It was only this past decade, in a moment of sheer joy, driving listening to a now defunct calypso station, I discovered Sparrow’s calypso Lulu, recorded around 1959.
You are here
Bioluminescence—light of the future?
The glowing plankton in the Ortoire river has brought to the fore the natural phenomenon of bioluminescence. Many would have seen or heard of fireflies which produced natural lights. The reaction by the public might give the impression that light-emitting organisms are quite rare. That is not the case. In fact, members of most species, ranging from bacteria to sharks, exhibit this characteristic.
Whilst marine creatures, particularly those that live in the deep are the ones most likely to be luminescent, other like fire flies and glow worms also do. So what exactly is bioluminescence? It might be more accurate to describe the phenomenon as chemiluminescence for it involves the production of light energy from chemical energy.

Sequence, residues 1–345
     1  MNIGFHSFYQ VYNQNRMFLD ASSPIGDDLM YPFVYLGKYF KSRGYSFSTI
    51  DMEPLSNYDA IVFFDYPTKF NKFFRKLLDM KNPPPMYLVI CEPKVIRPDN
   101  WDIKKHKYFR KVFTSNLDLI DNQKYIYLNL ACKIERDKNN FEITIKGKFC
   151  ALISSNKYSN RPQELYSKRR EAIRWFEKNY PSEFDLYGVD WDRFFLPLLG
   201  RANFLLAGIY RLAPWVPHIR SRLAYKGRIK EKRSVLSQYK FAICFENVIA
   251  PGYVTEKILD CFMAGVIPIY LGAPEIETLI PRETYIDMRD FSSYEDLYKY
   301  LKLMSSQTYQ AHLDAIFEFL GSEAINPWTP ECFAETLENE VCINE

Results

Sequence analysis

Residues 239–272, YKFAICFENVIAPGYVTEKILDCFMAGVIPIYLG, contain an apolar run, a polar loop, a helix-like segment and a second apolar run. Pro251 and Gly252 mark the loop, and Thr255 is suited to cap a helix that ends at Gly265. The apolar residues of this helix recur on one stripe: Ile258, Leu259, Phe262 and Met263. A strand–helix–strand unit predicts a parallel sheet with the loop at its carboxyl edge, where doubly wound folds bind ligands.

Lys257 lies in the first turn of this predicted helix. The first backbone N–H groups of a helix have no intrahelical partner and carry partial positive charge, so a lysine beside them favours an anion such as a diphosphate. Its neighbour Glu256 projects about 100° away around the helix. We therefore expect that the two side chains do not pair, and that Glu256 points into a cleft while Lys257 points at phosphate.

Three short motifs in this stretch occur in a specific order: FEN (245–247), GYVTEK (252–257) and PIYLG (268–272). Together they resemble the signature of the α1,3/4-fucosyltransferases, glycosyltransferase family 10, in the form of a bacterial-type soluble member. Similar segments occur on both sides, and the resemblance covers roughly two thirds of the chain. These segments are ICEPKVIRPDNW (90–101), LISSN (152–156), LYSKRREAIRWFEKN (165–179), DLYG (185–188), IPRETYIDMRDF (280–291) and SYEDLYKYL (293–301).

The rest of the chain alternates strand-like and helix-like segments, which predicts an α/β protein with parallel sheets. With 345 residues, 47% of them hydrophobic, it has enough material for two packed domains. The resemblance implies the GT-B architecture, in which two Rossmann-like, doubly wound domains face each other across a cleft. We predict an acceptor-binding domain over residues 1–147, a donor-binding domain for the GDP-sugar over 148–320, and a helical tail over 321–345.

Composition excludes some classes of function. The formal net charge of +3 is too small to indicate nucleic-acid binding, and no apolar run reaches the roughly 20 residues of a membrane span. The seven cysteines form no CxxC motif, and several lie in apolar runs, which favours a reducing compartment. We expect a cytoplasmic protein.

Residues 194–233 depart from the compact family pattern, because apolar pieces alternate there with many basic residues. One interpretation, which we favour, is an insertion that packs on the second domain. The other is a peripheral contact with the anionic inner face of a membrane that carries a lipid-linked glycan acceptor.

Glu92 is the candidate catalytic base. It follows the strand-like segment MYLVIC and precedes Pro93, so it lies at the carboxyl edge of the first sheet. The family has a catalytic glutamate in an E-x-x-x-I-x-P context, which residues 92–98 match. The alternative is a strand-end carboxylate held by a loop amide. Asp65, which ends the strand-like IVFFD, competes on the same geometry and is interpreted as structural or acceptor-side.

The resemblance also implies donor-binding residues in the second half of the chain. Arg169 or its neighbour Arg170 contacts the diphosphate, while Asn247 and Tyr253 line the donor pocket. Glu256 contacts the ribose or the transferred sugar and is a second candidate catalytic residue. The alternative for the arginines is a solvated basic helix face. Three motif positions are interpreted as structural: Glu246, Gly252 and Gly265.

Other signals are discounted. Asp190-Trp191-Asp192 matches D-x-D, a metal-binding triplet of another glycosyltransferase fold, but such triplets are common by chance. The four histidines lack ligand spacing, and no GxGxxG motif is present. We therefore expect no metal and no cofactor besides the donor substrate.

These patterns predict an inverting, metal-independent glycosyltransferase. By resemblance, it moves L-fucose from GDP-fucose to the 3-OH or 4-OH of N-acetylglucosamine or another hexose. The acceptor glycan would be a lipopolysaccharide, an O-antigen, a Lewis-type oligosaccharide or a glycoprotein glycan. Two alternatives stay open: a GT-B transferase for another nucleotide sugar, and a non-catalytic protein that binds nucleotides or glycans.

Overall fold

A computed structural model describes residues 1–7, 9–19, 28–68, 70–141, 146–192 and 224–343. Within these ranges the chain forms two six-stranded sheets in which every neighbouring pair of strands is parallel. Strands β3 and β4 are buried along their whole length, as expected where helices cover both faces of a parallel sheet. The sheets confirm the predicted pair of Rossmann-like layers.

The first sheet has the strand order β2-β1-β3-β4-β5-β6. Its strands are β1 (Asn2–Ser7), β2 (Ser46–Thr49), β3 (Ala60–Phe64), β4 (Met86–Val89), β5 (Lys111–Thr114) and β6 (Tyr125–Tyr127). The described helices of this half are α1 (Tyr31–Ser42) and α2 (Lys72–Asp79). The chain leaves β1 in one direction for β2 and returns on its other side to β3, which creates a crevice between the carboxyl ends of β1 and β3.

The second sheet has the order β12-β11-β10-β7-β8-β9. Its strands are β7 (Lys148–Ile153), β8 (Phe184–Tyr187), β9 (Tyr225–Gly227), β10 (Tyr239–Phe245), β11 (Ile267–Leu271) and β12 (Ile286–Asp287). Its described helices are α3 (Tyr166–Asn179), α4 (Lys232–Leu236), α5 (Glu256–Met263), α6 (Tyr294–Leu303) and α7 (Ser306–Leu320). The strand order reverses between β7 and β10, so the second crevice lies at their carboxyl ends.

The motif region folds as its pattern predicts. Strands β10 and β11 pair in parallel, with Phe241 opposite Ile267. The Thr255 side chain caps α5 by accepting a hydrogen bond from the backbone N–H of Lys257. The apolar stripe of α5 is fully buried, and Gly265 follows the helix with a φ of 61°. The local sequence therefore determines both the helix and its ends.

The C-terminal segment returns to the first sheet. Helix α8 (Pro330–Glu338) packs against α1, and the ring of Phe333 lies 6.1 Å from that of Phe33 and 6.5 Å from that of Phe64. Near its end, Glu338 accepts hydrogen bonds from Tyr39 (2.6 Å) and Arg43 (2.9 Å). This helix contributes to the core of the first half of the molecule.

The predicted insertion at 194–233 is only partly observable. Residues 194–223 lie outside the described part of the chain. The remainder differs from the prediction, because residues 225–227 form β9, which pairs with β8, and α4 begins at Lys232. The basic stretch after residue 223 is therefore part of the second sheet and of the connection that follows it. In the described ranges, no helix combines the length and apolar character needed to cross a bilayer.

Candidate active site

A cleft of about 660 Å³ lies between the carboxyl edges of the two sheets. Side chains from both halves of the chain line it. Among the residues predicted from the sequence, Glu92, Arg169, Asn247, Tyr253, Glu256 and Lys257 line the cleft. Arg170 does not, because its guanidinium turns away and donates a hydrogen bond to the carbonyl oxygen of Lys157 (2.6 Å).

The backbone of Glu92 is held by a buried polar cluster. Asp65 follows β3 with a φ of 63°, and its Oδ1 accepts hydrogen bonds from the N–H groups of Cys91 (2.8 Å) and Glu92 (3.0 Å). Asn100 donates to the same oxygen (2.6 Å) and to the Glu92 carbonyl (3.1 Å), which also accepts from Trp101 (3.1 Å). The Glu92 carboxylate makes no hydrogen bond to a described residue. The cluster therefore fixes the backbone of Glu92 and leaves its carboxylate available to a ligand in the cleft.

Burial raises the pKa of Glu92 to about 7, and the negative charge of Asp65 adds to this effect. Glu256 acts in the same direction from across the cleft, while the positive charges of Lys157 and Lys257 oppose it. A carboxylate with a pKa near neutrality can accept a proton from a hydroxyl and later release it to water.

Since the production of light energy from chemical energy can also be produced during combustion, for example like the light from flambeaux, candles and fireworks, the name bioluminescence makes it clear that this refers to the production of light within organisms. Also, quite importantly, the chemical reactions are unique. Bioluminescent creatures produce a pigment called luciferin which reacts with oxygen to produce light.
User comments posted on this website are the sole views and opinions of the comment writer and are not representative of Guardian Media Limited or its staff.
Guardian Media Limited accepts no liability and will not be held accountable for user comments.
Guardian Media Limited reserves the right to remove, to edit or to censor any comments.
Any content which is considered unsuitable, unlawful or offensive, includes personal details, advertises or promotes products, services or websites or repeats previous comments will be removed.